In organisations both big and small, the important job of securing data and cyber systems is often left up to the IT department. However, in today’s environment, everyone has a responsibility to implement best practice in cyber security, from the lowest level employee to top-level directors and other senior members of staff.
Cyber security is a growing concern in the UK, with the number of cyber attacks growing all the time. Almost half of all UK firms were hit with a cyber attack or breach in the last year. Data loss or leaks can have a significant impact both financially and in terms of long-term business reputation.
Unfortunately, cyber security training in the UK is still woefully inadequate in many UK organisations. When it is offered, it is often restricted to IT staff only – probably the department that benefits least from additional security training.
‘Only A fifth (20%) of businesses have had staff attend any form of cyber security training in the last 12 months, with non-specialist staff being particularly unlikely to have attended.’ (Cyber Breaches Report, 2017).
To prevent against data loss and leaks and to minimise the damage done by any cyber attacks, it’s vital that every department is aware of the role they play in maintaining cyber security for the organisation as a whole. Although not every department is listed below, let’s explore some examples of how different departments can take responsibility for the safety of their business data.
The Human Resources department plays a pivotal role in ensuring cyber security as they are responsible for relaying company policies and procedures to new recruits.
All employees within an organisation should be familiar with the cyber security policy, which should include best practices to avoid data leaks (not using email to relay sensitive data, not using personal devices such as USB sticks to copy data or upload data to personal cloud storage etc.), how to spot phishing emails, what to do in the event of a suspected data breach, and other important security practices.
‘72% of the most common types of cyber breaches are related to staff receiving fraudulent emails’ (Cyber Breaches Report, 2017).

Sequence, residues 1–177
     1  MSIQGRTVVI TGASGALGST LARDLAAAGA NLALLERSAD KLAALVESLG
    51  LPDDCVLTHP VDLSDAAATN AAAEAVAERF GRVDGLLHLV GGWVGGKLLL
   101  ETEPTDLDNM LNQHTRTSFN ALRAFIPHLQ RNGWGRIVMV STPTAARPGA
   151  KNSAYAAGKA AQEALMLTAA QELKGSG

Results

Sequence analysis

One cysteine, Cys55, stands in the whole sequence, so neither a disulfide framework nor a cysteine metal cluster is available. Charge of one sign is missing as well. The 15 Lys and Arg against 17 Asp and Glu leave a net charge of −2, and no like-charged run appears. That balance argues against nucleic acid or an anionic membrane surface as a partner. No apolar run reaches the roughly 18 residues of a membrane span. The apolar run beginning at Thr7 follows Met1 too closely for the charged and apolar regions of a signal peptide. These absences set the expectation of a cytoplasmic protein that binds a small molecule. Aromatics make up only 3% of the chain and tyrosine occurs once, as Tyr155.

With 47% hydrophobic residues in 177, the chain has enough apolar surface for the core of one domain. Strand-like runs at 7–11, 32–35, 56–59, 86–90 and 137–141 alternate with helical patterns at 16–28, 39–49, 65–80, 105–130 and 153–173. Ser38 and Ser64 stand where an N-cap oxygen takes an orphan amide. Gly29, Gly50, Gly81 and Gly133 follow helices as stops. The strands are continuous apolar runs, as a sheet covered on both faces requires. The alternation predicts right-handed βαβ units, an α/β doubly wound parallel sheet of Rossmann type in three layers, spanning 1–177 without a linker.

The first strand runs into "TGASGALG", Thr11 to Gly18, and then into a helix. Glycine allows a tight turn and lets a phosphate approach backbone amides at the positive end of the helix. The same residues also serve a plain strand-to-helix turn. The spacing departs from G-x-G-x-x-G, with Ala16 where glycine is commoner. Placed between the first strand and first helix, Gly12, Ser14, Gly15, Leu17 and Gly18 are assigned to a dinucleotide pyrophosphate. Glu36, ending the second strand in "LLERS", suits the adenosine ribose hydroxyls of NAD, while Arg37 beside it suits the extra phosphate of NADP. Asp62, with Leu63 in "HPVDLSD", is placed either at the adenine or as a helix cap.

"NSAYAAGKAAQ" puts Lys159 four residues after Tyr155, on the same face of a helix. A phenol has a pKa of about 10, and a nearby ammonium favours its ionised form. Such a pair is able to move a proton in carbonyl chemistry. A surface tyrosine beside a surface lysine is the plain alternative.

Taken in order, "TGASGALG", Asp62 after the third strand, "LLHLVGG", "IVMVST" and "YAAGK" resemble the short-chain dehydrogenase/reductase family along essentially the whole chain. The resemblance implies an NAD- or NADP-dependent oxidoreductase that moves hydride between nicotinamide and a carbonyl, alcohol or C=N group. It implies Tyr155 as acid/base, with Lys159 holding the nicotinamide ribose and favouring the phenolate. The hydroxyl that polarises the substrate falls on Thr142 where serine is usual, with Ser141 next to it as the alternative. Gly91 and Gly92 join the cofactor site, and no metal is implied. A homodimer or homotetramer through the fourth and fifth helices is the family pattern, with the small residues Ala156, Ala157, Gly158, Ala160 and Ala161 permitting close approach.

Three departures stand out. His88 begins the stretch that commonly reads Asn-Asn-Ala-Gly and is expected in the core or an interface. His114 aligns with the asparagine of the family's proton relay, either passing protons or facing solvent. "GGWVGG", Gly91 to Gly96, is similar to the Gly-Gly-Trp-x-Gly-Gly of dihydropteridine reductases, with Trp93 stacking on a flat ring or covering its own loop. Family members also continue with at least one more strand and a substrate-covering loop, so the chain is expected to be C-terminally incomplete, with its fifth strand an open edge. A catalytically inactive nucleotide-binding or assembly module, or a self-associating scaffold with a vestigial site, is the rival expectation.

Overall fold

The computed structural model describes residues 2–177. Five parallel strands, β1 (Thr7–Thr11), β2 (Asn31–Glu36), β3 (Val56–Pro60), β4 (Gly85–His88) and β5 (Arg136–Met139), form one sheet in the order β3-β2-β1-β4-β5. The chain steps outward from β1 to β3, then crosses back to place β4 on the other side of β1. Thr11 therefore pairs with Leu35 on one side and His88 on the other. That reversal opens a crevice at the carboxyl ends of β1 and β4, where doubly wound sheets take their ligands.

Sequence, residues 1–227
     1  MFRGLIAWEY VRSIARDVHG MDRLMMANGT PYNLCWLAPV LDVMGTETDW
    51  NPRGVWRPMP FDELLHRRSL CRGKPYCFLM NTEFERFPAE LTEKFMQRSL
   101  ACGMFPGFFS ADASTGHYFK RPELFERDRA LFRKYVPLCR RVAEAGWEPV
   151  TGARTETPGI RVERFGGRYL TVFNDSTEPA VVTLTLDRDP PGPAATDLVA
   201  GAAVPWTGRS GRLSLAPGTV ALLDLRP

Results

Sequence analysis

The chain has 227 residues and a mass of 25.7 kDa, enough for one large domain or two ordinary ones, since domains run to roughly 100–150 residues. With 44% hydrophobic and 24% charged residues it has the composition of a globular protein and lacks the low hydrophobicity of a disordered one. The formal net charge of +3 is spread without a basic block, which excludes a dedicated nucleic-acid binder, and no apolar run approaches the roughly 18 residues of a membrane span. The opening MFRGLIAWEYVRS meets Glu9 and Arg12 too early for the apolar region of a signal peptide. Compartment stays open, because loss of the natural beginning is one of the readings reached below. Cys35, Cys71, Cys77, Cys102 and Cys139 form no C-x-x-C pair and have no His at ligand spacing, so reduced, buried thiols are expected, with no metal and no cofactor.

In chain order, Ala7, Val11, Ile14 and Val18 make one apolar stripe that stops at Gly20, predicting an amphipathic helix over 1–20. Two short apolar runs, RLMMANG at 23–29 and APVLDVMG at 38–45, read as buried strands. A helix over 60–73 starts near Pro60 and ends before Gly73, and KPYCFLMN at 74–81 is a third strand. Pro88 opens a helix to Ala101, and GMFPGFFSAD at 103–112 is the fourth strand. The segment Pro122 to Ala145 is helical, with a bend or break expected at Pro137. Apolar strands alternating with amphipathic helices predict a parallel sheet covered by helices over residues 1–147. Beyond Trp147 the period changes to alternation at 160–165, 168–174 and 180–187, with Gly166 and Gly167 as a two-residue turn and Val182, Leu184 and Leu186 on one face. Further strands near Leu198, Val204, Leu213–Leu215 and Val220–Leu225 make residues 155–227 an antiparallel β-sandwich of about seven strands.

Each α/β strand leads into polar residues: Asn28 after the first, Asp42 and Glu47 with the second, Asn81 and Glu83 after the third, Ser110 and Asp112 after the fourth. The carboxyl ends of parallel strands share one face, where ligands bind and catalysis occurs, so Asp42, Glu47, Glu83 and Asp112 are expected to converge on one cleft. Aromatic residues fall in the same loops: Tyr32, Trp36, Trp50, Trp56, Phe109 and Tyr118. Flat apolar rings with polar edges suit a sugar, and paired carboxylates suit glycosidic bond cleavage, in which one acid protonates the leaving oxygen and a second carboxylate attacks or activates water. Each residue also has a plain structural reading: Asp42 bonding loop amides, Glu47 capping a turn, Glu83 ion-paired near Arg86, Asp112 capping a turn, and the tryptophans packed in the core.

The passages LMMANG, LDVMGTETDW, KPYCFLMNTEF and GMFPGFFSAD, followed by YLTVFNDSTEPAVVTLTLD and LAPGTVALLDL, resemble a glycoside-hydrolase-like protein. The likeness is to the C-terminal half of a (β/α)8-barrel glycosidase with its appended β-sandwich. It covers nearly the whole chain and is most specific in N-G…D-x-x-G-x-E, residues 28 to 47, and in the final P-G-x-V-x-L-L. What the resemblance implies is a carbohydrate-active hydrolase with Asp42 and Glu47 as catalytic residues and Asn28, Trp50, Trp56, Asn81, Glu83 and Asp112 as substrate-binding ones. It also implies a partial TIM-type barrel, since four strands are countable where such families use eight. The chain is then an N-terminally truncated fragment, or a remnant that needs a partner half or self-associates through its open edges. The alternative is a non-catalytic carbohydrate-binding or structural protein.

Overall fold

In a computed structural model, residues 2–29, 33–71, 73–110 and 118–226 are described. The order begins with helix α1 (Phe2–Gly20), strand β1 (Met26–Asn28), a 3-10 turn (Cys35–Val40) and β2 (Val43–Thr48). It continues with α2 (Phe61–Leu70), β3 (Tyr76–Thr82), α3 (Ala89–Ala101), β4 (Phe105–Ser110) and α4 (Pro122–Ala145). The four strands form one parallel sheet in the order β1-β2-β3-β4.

The position of the marketing department is somewhat unique, as they must do their part to safeguard the data of individuals outside the organisation, as well as following cyber security procedure within.
This means making sure people get the marketing emails they sign up for, taking steps to ensure personalised information is never inadvertently sent to the wrong person, and ensuring databases of contacts and leads are kept safe and secure. The major impact of the EU GDPR on marketing technology will increase the responsibility marketing plays when it comes to ensuring compliance doesn’t leave an organisation’s brand behind.
‘Nearly three in five marketers (58%) report having concerns over the compliance of their in-house customer data. ‘ (Royal Mail New Customer Data Research Report 2017).
The legal department will be left with sorting out the mess in the event of a catastrophic data breach, so it’s in their interests to ensure they’re doing their part in protecting the data of the entire organisation.
‘One in ten (11%) have a cyber security incident management plan in place.’ (Cyber Breaches Report, 2017).
This means ensuring every department is complying with GDPR (general data protection regulation) and also cascading GDPR responsibilities into supplier contracts.
As in the marketing department, the sales department must take responsibility for the security of their customer data. This means keeping company data, systems, and devices separate and secure and ensuring that customer data is protected online and offline.
This is particularly important for sales made online, where sensitive financial information is transmitted. While the IT department can advise on the relative security of different payment gateways, the sales department must make sure data is secured at all stages of the sales process.
The finance department is naturally privy to sensitive information that should not be accessible by general employees or anyone outside of the organisation.
Every member of the finance team should be trained to ensure the company account number or other financial data is never given to the wrong person. This may seem a simple point to make but it’s often very easy for a cyber attacker to attain such information by posing as a senior member of staff or external supplier or contractor.
‘27% of the most common types of cyber breaches are related to others impersonating organisations in emails or online.’ (Cyber Breaches Report, 2017).
Cyber security has traditionally focused on attacks from outside the organisation but in businesses of today, internal threats are also a serious concern. Internal attacks include deliberate attacks by malicious individuals, but also cases in which data is inadvertently leaked or lost by a careless or untrained employee.
Human error is a factor in 95% of all security incidents. Rather than focusing solely on strengthening IT systems, it makes sense for organisations to invest in their people and ensure a robust holistic cyber security policy across all departments.
It is down to those in leadership positions to stress the importance of cyber security to other employees and develop a unique strategy that is tailored to the risks of each organisation.